How to have a beach vacation on a tight budget

It’s that time of year! All winter I dreamed of a beach vacation and I finally got to have a short one over the weekend.

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It was great. While it was rushed because of various work commitments both from me and my family, we had a lot of fun. I got to introduce my toddler to the beach!

Our family split the various costs. A couple of family members very generously gifted us some of the cost of food, ice and a mini golf fee since my husband and I have recently had a lot of medical bills, but I paid for our gas, the rest of our food, and a few other little expenses.

Toddler girl plays with a shovel and pail on the beach. Nearby text says, ""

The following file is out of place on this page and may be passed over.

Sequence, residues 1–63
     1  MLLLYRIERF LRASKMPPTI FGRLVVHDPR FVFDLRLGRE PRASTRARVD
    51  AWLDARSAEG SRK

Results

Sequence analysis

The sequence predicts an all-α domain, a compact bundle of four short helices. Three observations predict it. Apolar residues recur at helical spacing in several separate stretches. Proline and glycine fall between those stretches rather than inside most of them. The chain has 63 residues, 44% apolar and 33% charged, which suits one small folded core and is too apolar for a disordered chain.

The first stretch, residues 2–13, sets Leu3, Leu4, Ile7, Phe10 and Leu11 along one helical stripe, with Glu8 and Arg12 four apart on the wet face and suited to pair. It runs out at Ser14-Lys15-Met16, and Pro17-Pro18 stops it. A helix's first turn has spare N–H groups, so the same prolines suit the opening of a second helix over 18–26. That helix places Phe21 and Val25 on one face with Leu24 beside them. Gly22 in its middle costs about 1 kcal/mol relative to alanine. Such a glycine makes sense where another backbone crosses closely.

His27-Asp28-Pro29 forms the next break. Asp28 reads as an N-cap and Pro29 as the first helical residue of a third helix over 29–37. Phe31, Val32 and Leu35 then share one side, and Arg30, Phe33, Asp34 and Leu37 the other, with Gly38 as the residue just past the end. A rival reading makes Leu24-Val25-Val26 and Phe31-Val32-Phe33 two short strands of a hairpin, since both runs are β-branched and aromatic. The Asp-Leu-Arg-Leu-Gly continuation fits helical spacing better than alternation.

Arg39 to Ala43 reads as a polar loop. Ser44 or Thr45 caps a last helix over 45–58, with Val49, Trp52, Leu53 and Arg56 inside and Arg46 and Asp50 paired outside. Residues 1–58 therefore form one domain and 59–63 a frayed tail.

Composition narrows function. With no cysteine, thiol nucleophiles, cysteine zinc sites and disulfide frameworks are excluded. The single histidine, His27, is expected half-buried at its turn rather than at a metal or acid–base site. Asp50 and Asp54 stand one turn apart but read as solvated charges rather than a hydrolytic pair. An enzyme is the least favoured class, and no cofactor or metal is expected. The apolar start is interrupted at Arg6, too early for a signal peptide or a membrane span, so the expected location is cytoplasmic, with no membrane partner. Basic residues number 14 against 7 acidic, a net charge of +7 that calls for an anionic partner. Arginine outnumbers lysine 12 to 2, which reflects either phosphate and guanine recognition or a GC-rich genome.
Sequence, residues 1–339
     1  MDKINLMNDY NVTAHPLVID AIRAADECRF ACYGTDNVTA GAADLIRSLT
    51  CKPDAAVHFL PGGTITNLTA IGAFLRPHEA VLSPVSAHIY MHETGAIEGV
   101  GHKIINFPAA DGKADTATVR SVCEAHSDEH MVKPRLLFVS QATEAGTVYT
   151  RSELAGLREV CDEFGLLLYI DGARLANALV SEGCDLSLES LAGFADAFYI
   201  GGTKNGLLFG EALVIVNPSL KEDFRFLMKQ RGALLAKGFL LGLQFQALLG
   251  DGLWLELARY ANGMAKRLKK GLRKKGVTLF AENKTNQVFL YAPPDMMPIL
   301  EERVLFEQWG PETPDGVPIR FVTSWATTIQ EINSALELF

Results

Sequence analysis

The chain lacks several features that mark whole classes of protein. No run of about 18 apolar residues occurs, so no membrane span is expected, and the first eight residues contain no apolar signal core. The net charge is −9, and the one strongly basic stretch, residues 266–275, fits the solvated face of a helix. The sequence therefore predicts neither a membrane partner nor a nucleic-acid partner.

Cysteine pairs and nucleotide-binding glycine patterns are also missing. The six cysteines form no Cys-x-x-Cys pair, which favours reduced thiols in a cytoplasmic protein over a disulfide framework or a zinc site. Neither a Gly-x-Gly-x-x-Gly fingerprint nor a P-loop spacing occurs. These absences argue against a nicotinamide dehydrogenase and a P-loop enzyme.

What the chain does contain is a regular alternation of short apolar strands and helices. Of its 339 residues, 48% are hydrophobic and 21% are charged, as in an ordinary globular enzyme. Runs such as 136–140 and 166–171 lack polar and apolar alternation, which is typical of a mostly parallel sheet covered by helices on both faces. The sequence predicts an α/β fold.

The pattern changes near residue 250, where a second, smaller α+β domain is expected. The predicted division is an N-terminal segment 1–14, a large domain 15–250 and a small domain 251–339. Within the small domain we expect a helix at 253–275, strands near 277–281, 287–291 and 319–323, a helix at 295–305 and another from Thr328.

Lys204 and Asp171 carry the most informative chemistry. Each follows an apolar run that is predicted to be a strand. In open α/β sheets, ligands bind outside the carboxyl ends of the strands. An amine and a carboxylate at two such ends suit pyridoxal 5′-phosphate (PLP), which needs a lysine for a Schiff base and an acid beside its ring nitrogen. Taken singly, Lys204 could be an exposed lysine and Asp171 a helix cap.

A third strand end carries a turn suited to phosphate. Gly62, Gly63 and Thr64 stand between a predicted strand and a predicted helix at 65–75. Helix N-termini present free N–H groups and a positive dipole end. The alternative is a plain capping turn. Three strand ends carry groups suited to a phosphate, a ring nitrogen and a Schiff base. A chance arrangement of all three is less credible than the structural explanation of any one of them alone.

My daughter was a little too scared to want to touch the waves, but loved digging in the sand and filling, emptying and re-filling her bucket.

Camping vs. hotel stays

I have a big family, so getting a hotel room or beach vacation house would be expensive. Growing up, we almost always camped anytime we traveled. Not only is it cheaper, but it’s just more fun.

You can read about my ideas for safely camping with babies and toddlers here.

It requires a little more work, but to us it’s worth the time and effort. While booking a hotel is sometimes tempting, we try to plan ahead.

I packed fairly lightly since that made less work in setting up and unpacking. There were some things I brought that we could have done without, but I trimmed down a lot of the extras.

I brought our Field & Stream four-person tent. It’s much larger than I needed for just my toddler and I, but since we weren’t backpacking out and we had plenty of space on the site, the extra size didn’t matter. My husband and I bought that tent well before I was even pregnant. We knew that we wanted to have space for our future children.